Karma Points – Gamers Scoring Through Charity.

Luis Badillo, Writer

photo courtesy of Penny Arcade


It’s no surprise that gamers have faced a bum rap by having a hobby labeled as a useless pastime, but Mike Krahulik and Jerry Holkins are two gamers that have found a way to use the dedication of the gamer fanbase to create a tangible positive influence in the world. Krahulik and Holkins (respectively called “Gabe” and “Tycho” by their fans) are the founders and creators of Penny-Arcade, which has given them popularity, fame and a huge voice in the video game community. They currently have a fanbase of around 3.5 million and often use the comic to express their (often humorous) responses to criticism aimed at the gaming culture and industry.

One of these criticisms, penned by columnist Bill France, warned parents of the dangers of video games on young minds. In his article he says that “Video games laced with human atrocities” and “help young, impressionable people practice killing without care.” France also goes on to say that “Every time a youngster plays one of these games…They practice laughing at others’ pain and justifying murder.”

As a response to this article and the many like it, Gabe wrote in his blog post for Nov. 23, 2003 “The media seems intent on perpetuating the myth that gamers are ticking time bombs just waiting to go off. I know for a fact that gamers are good people.”  Soon after, Gabe and Tycho announced Child’s Play, their new charity. Teamed up with Amazon.com, gamers would be able to donate toys and video games to the patients of the local pediatric hospital. After about a month, word of Child’s Play circulated among blogs, forums, and magazines. The quick mobilization of gamers led to an impressive $250,000 raised for Child’s Play in just under a month.

Since then Child’s Play has raised more than $12.5 million and recruited some of the biggest names in the game industry to help out in the noble effort. Companies like Nintendo, Microsoft and Sony now help support the worldwide network of over 70 hospitals.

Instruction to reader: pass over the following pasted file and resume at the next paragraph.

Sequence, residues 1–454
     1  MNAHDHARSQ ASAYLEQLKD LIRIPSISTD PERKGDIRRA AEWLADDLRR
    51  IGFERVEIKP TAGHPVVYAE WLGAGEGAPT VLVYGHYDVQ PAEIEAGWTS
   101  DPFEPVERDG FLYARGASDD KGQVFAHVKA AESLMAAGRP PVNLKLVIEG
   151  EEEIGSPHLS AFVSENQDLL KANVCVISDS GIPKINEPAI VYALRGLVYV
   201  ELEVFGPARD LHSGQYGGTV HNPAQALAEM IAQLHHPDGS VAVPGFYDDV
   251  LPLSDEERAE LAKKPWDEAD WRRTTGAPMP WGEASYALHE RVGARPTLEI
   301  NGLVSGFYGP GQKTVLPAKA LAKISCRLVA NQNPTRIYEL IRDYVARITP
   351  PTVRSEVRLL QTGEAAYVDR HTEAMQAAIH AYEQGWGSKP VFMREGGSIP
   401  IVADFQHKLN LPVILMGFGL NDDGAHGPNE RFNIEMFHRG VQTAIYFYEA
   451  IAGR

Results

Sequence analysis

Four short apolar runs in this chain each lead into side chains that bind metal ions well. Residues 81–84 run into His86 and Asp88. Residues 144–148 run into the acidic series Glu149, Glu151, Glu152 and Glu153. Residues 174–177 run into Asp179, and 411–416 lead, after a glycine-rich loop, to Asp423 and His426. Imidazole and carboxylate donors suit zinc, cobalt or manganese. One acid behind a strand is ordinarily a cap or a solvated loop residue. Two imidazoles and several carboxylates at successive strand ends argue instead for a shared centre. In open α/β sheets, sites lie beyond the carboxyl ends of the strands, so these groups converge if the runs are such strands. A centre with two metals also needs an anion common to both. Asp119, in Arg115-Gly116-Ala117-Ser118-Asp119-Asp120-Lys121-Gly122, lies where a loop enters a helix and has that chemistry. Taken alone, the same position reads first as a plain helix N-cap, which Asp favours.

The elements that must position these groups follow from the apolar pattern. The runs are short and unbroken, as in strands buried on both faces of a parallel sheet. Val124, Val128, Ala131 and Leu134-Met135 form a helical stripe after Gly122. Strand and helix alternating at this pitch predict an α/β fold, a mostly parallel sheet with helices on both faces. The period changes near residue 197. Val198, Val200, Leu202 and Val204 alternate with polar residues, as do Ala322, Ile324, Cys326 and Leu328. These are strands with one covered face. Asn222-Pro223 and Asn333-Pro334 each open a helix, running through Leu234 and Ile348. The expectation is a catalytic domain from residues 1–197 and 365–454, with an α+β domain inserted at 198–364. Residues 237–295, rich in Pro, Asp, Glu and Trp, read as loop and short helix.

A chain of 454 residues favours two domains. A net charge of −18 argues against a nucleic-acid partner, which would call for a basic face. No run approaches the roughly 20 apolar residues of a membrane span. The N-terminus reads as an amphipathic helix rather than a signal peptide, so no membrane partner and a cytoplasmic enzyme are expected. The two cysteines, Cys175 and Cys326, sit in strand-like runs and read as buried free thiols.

The effort started by Gabe and Tycho has inspired gamers everywhere to find ways to raise money. Sketch comedy group LoadingReadyRun, hosts an event called “Desert Bus for Hope” which has raised more than $380,000. Various independent game developers gather on occasion and sell their games in what is called the “Humble Indie Bundle” where they sell five games at a time. A portion of the profits go to Child’s play, as well as other organizations such as the Red Cross, or Charity: water.

Gaming blog and community, Sarcasticgamer.com founded Extra-Life in 2008, which allows independent gamers host their own 24-hour video game marathons. Some Northeastern students have been known to participate in this annual test of endurance. Participants are tasked to seek sponsors which raise money for the Children’s Miracle Network, a collection of pediatric hospitals throughout the United States.

After seeing the work done by Gabe and Tycho with Child’s Play and gamer organizations like theirs, France wrote another article. In it he describes the gamers’ efforts as wanting to do something good and that they “demonstrated that they have big hearts and generous instincts.”

It just goes to show that a little bit of good can go a long way to change somebody’s mind.  So the next time you see a gamer obsessing over saving the princess, you may want to take a second look. There might just be a little more at stake than a digital princess.